Ace of Base: 2017 Kia Rio LX

Matthew Guy
by Matthew Guy
ace of base 2017 kia rio lx

Yesterday, we learned the Kia badge might not be good enough for Stingers in its home country. Around here, the slinky sedan will still carry the nameplate, despite the brand’s humble beginnings.

Twenty years ago, Kia made a name for itself on these shores hawking bargain-basement priced entry-level cars, many of which quickly returned to the earth in the form of iron oxide. Today, Kia’s smallest offering has since gone to finishing school, earning a major in Economics.

Kia toned down the Rio’s atomic-egg styling compared to 2016, but the car still has a distinctive face and a strong character line running down its flank. The LX is equipped with 15-inch wheels taken from a grand piano; at least the 185 section rubber won’t break the bank at replacement time. Slathering the Rio in snazzy Signal Red paint is a no cost option. Choose the black cloth seats for maximum durability.

The Rio’s 138-horsepower 1.6-liter inline four is par for the course in this segment and unlikely to set any loins afire, but it’s nearly double the stock output of the ancient, wretched econobox I had the misfortune of piloting in the ‘90s. It’s also just seven horses short of the new-for-’82 V8 Camaro. Viewed through that lens, and considering most of the Camaro’s horses were — even when new — quite ill and on their way to the glue factory, 2017 is a great time to be alive.

Base model Rio’s make do with teacup-sized brakes, but at least they’re discs at all four corners, something which cannot be said for even a few larger players in the market. (Here’s lookin’ at you, 2017 Toyota Corolla). A sextet of airbags keep things pillowy in a crash, while all manner of stability controls attempt to keep the crash from happening in the first place. Hill start assist helps prevent new drivers from rolling back and centre-punching the car behind them.

Korean automakers have always been known for packing in more value than an all-you-can-eat buffet, and the 2017 Rio LX is no different. For $14,165, buyers will find heated side mirrors, fog lights instead of cheap black plastic, satellite radio, and air conditioning. It’s worth noting that satellite radio is not available on the larger Civic in Canada until you reach the much more pricey Touring trim. Americans will find it on the mid-range EX. That Kia sees fit to toss it into the base model of their smallest car pleases me to no end.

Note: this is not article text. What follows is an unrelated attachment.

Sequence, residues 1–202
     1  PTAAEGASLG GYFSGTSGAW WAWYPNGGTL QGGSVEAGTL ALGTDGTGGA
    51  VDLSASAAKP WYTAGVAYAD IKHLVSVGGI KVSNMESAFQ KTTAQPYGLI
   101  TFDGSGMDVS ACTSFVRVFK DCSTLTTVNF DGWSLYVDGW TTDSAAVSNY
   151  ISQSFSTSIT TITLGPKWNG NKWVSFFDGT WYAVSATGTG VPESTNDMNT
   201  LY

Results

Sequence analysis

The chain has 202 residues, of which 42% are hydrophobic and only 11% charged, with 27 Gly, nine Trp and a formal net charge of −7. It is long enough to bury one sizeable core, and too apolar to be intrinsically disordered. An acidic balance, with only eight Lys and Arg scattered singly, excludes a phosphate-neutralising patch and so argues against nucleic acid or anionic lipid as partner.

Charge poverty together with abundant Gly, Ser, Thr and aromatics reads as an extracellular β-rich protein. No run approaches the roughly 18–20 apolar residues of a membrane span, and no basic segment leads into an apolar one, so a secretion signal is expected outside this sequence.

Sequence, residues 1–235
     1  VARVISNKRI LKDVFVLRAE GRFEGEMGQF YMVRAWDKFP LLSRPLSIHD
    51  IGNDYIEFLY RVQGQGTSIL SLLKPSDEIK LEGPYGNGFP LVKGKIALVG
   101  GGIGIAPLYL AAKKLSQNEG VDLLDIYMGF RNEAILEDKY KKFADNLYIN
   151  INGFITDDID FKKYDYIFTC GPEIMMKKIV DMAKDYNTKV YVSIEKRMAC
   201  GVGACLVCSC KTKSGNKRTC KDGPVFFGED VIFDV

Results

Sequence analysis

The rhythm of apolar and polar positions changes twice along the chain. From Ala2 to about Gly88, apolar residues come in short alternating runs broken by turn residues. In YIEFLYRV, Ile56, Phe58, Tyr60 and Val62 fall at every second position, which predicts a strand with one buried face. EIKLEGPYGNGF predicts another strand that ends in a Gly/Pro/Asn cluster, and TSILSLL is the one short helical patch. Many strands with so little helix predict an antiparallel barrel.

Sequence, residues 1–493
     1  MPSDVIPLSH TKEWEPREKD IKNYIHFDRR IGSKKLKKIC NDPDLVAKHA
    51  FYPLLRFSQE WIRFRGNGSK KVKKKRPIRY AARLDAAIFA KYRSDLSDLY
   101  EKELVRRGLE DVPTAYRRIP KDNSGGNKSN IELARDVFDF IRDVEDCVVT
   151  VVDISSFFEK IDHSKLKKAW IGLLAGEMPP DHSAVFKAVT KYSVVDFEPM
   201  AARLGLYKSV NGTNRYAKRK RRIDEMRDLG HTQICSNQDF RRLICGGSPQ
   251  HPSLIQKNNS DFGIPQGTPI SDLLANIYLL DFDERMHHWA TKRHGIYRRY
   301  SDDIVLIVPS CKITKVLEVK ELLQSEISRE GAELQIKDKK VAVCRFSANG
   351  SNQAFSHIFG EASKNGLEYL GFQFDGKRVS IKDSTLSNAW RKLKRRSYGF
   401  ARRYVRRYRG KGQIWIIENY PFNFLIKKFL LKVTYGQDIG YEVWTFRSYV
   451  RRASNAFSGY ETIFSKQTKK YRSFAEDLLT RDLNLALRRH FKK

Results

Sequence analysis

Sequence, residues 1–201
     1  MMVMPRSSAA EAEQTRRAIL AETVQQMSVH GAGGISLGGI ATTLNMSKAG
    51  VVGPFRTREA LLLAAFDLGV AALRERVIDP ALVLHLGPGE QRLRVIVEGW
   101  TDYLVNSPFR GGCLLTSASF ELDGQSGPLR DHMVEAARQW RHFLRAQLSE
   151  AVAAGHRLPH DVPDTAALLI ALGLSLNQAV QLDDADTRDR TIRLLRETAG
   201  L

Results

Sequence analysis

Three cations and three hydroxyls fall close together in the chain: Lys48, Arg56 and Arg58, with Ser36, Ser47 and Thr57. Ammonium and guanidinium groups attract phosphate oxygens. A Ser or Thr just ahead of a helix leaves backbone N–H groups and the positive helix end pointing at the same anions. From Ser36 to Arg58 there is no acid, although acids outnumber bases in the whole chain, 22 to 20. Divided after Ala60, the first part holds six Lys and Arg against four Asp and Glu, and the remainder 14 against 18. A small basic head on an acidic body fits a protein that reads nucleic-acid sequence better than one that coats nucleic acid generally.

Sure, there’s no soft-touch dash at this price, and some of the plastics are colder than a Kristen Stewart smile, but cars like this represent a great value for the money considering the misery we had to endure at this end of the spectrum not all too many years ago. Plus, it’s new car warranty stretches coverage well into the next decade. The Rio might not be sexy or a designer-grade good, but it does make for a pretty good Ace of Base.

Not every base model has aced it. The ones that have? They help make the automotive landscape a lot better. Any others you can think of, B&B? Let us know in the comments. Naturally, feel free to eviscerate our selections.

The model above is shown in American trim, priced in Freedom Dollars, and is absent of an $895 destination fee. As always, your dealer may sell for less.

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2 of 25 comments
  • Rod Panhard Rod Panhard on Mar 29, 2017